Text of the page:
“What the hell is in Kansas?” they’d persist.

Bar customers are a demanding lot and I’ve come in contact with all kinds. I had a remarkable stint at a downtown strip club. I actually worked in the clothed portion of the club, a room with a separate entrance above the strip club itself, where they had a decent sized performance space for bands, etc. By “etc” I mean burlesque shows, comedy nights, porn parties. “Anything goes,” I was told. The catch was, I had to be the “anything goes” booker 6 nights per week. A big part of the job was dealing with my oh so charming Ukranian boss (the venerable owner of the strip club and unintentional downtown celebrity) who annoyingly reeked of salami. He didn’t speak to many of the girls who worked for him. In fact, he usually just referred to his female employees as “The Girl.” He called me by my name from day one, I’ll have you know. On better days he was prone to utter such bon mots as, “I am not a lawyer…but I am very…legal,” and during less jovial moods would sit upstairs in his office glaring at the security cameras to make sure none of the other bartenders were pouring too much, or heaven forbid, stealing (“I once caught a girl stealing from me. I fired her but gave her one more chance. I caught her again. Very bad things will happen to her.”)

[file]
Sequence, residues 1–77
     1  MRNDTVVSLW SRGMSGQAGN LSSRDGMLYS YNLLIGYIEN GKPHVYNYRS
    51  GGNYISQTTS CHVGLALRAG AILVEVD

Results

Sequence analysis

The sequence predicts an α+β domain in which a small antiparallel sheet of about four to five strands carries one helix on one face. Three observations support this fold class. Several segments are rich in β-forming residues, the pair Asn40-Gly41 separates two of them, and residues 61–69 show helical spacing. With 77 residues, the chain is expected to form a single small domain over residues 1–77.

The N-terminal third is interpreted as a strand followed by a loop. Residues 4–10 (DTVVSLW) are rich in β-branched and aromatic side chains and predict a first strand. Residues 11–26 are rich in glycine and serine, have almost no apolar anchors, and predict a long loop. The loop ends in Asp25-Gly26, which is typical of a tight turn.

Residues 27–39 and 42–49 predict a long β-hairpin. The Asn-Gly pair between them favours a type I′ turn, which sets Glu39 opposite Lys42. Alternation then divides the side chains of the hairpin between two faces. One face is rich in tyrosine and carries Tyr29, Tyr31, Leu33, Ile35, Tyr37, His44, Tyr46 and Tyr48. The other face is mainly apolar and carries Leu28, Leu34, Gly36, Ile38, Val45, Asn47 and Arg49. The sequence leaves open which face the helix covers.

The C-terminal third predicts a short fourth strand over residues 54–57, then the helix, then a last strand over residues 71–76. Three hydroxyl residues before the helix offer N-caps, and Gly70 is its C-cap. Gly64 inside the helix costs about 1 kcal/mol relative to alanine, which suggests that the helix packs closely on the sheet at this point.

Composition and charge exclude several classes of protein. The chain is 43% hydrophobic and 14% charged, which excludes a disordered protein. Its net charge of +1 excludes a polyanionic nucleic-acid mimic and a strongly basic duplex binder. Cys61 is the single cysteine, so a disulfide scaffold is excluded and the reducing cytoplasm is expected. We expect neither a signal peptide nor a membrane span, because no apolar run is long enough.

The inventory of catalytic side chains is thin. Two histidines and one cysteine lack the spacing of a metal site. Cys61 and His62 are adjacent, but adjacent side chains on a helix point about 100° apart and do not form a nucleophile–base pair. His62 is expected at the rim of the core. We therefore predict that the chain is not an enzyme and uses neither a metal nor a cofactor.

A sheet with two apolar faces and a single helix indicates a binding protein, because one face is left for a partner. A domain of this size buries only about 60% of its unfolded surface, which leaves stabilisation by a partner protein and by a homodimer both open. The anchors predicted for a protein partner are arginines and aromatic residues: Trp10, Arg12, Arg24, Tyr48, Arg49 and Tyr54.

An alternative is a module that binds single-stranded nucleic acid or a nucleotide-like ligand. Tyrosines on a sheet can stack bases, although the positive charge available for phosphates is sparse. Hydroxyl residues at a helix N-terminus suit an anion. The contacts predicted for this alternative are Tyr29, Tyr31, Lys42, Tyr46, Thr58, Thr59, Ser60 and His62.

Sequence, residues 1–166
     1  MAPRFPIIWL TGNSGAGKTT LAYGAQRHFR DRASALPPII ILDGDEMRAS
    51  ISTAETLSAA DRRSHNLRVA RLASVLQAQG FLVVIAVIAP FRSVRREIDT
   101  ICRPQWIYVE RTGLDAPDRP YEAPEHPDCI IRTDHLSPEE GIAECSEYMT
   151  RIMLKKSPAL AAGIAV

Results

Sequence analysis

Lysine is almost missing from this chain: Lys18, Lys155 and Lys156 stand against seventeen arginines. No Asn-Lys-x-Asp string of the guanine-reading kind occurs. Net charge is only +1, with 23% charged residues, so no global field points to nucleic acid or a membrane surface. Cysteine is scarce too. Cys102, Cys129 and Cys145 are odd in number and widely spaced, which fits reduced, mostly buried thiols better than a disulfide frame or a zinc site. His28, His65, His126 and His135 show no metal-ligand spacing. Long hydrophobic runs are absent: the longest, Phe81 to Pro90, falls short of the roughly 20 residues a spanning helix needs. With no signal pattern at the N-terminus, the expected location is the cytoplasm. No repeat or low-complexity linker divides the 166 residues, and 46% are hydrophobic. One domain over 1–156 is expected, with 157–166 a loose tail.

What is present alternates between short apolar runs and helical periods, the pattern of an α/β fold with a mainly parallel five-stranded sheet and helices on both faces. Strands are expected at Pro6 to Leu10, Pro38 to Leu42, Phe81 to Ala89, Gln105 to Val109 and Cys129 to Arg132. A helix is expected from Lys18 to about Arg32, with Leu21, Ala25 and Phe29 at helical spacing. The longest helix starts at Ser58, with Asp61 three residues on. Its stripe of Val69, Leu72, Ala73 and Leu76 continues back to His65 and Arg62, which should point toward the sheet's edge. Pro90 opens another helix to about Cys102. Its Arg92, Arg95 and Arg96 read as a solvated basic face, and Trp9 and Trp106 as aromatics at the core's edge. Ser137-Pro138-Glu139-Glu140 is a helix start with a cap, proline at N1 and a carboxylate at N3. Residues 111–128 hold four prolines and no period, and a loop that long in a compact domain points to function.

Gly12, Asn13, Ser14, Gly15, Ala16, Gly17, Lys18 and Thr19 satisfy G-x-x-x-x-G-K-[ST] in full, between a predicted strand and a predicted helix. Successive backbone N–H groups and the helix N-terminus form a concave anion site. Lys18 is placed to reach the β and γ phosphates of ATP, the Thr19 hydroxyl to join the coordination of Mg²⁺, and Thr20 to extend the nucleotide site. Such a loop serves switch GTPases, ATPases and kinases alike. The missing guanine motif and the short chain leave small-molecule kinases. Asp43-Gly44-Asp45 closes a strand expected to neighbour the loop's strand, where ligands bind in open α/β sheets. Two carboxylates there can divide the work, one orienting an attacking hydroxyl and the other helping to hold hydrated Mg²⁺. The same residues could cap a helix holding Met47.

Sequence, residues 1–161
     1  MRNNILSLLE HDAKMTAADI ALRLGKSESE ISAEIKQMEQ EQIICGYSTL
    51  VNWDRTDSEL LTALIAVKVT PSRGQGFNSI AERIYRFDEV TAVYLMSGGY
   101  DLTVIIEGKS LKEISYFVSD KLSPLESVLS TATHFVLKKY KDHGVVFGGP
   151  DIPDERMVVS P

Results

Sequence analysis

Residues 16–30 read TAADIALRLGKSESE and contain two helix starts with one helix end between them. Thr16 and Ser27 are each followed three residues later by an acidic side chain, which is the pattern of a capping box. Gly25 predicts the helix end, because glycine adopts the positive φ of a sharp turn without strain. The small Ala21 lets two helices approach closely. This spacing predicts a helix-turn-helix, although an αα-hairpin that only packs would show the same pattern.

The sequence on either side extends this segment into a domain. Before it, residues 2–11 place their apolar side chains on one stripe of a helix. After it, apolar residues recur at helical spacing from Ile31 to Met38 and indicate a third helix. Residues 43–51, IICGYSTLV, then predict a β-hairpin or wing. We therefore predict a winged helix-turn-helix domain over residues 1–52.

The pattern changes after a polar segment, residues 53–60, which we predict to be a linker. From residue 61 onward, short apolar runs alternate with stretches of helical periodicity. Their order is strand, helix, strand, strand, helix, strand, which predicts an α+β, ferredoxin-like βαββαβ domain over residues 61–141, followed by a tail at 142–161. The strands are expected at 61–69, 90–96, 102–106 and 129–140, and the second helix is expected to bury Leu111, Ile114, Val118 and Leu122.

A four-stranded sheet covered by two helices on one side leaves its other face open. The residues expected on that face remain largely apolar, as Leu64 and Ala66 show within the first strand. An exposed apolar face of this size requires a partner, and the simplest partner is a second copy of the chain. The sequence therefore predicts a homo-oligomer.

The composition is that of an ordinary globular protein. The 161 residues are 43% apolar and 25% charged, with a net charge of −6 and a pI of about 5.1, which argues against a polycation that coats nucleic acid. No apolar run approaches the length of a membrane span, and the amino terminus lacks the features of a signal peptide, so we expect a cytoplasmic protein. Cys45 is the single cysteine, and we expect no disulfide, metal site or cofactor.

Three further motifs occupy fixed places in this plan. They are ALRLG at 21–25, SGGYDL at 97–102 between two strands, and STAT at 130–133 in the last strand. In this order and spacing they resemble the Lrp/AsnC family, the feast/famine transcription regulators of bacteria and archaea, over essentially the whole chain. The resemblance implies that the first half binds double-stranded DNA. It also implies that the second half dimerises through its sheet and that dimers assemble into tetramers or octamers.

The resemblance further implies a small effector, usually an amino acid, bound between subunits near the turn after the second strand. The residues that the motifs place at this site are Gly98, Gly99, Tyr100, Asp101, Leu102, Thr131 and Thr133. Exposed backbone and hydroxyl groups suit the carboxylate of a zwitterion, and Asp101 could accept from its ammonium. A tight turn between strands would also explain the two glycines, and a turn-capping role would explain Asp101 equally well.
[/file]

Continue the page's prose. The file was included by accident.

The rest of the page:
I thought I had seen it all after working some pretty crazy nights in my own bar, but working above a 35-year-old Manhattan strip club attracted a whole different end of the spectrum. There was the night I was serving Kurt Russell on one end of the bar, and Moby on the other. They were attending someone’s engagement party. Kurt was very effusive when it came to complimenting the ladies present, including me. At one point he asked me, “Why are you so goddamned beautiful?” and then opened his wallet and splayed out all his cash on the bar. “Take it. Take it all!” he insisted as I rolled my eyes and ignored him. I mean, I’m no Goldie digger. I had a giant little girl crush on him in Junior High. He suddenly seemed so greasy and awful in that moment of indiscriminate generosity. Ok, in retrospect, he was kind of cool. Moby was just quiet and in a raucous environment such as this, it was unsettling. He also complained to the DJ that he needed to play something more dancy. It should be mentioned that my friend was playing 80s pop music. Kids in America, for fuck’s sake. And everyone except Moby was into it! So, deal with it, Mr Grouchy pants who only tips $1 a drink despite having sold all of his songs to various commercials, thereby making him a a billionaire. Yeah, fuck Moby. Not that I’d want to, I assure you. Kurt Russell, maybe. Moby sure as hell wasn’t telling me I was beautiful.